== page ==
PNG Fishing Industry Association chairman, Pedro Castillo Celso, introduced his presentation on the matter: “My subject is, I assume, a bit controversial, especially for our friends in the EU.” He argued that while PNG is the source of 30-35% of PNA tuna, it has remained “as poor as ever” and is only now starting to invest in its fishery. PNG’s theoretical daily production capacity for tuna products is 430 tons, a figure including both canned tuna and tuna loins. Even with a number of new canneries planned, the figure would only reach 850 tons. “This does not even match the two biggest factories in Thailand. We still face many challenges in infrastructure and logistics,” he pointed out.

Moreover, much of the raw material fished in PNG waters is not landed and processed there, but rather contracted to other destinations, and there are issues with transshipment, too. Much PNG tuna does not meet the stringent EU conditions – and nor do the boats want it to, he added. The result of this is that only 4% of the EU’s tuna comes from PNG.

PNG and the EU’s respective economies are also playing an important role. The PNG kina has appreciated significantly recently because of investment in its gas and mineral resources. Meanwhile, the EU economy is depressed, with labor costs high and stocks (such as Indian Ocean yellowfin) depleted.

Will the transfer to MSC mean more PNG tuna goes to the EU? Brus commented: “There is a limited supply anyway – Thailand having a good year and exporting 10% more tuna to the EU will have a far larger impact than even a large change to PNG’s 2% market share. Not a pole of any of these new canneries has even been put in the ground yet.”

Similarly, Celso was asked if PNG would be able to remain sustainable with so much new activity moving in. He responded that this investment is not so much a matter of catching more as one of processing more on PNG itself. “[Catching will increase] a little, perhaps, but it will be monitored,” he averred. For one thing, the infrastructure to build more boats is lacking on PNG.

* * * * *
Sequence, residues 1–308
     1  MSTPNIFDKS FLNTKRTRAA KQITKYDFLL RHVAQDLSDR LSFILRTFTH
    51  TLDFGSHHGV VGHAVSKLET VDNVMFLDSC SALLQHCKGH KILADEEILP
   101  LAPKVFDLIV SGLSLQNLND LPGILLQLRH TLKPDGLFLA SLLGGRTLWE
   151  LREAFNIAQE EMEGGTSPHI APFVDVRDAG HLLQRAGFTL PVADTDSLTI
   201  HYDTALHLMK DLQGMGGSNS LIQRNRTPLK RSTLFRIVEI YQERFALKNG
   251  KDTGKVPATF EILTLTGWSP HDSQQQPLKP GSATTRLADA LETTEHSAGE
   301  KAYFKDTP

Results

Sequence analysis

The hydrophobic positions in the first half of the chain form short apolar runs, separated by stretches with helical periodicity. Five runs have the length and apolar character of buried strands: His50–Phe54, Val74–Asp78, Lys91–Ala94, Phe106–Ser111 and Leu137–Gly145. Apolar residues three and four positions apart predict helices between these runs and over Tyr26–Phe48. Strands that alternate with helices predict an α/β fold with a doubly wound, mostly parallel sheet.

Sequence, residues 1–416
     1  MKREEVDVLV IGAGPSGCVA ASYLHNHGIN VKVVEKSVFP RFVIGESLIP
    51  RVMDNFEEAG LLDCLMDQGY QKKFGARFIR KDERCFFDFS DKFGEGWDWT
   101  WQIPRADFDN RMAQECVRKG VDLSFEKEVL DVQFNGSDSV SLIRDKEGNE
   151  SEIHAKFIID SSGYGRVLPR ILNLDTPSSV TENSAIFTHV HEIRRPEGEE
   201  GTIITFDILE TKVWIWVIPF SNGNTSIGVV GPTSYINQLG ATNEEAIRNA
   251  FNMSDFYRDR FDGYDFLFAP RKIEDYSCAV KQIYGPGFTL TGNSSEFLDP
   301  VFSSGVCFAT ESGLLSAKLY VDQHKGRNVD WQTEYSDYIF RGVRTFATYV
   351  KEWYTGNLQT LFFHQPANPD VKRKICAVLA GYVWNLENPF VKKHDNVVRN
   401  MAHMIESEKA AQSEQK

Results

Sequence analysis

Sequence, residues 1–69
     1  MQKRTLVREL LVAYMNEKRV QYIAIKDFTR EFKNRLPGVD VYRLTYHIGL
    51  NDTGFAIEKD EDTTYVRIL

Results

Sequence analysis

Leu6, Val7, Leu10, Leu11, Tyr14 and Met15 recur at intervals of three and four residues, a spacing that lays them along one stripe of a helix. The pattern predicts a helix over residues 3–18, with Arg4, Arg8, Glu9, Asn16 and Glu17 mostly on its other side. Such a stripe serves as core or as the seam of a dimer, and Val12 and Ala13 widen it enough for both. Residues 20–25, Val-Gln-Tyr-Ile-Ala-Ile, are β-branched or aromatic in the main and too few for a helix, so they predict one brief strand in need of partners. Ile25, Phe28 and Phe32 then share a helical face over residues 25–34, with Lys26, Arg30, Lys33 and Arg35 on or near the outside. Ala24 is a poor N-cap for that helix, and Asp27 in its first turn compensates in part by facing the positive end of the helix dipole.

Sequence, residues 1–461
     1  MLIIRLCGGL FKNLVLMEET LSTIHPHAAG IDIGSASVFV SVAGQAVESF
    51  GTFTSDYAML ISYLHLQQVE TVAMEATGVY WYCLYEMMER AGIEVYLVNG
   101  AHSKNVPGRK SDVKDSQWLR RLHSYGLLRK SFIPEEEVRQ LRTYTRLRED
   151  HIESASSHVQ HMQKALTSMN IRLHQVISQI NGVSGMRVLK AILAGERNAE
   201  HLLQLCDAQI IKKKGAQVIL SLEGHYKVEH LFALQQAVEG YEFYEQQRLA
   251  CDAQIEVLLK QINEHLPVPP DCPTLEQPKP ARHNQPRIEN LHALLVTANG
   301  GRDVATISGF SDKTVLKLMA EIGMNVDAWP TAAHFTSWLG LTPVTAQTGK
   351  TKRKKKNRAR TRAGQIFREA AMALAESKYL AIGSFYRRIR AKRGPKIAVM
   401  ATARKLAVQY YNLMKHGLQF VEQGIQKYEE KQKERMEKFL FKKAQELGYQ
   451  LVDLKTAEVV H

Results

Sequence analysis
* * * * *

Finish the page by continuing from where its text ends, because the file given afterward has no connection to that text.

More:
The financial crisis is the biggest problem for the EU, he said, and the lack of finance means they cannot invest in PNG, despite suggestions that the EU apply for fishing rights there.

Ensuring that more of the money generated by fisheries stays in the developing PNA nations has been the name of the game for many speakers. There is also resent in the industry that developed nations and large companies appear to take it upon themselves to impose standards on small coastal states, as if they were incapable of doing it themselves. Sari Tolvanen of Greenpeace stated that the issue was of growing interest to her group.

Nanette Malsol of the PNA commented incisively: “[These countries] seem to think the tuna is theirs even though it is caught in the PNA Exclusive Economic Zone (EEZ)... But we have the right to use our renewable resources as we see fit ... The industry must move towards viewing  small island states not as unnecessary appendages, but as valued business partners.”

The advent of MSC certification will certainly up the game of tuna from these areas, and it will be interesting to see how changes in the region catalyze changes in the market between now and the next conference.
Stay up-to-date on the development of Pacifical MSC Tuna.

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Stay up-to-date on the development of Pacifical MSC Tuna.

Subscribe to our Newsletter: